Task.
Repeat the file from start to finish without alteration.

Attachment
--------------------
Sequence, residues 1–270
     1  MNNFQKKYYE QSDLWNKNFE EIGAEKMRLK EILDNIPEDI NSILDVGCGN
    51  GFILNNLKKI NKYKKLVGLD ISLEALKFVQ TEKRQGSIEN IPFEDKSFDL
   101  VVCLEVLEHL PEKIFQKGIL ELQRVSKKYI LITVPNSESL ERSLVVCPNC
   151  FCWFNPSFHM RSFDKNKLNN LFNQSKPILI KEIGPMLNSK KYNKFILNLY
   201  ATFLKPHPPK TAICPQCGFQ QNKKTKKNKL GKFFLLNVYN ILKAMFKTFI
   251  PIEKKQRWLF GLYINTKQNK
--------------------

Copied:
Sequence, residues 1–270
     1  MNNFQKKYYE QSDLWNKNFE EIGAEKMRLK EILDNIPEDI NSILDVGCGN
    51  GFILNNLKKI NKYKKLVGLD ISLEALKFVQ TEKRQGSIEN IPFEDKSFDL
   101  VVCLEVLEHL PEKIFQKGIL ELQRVSKKYI LITVPNSESL ERSLVVCPNC
   151  FCWFNPSFHM RSFDKNKLNN LFNQSKPILI KEIGPMLNSK KYNKFILNLY
   201  ATFLKPHPPK TAICPQCGFQ QNKKTKKNKL GKFFLLNVYN ILKAMFKTFI
   251  PIEKKQRWLF GLYINTKQNK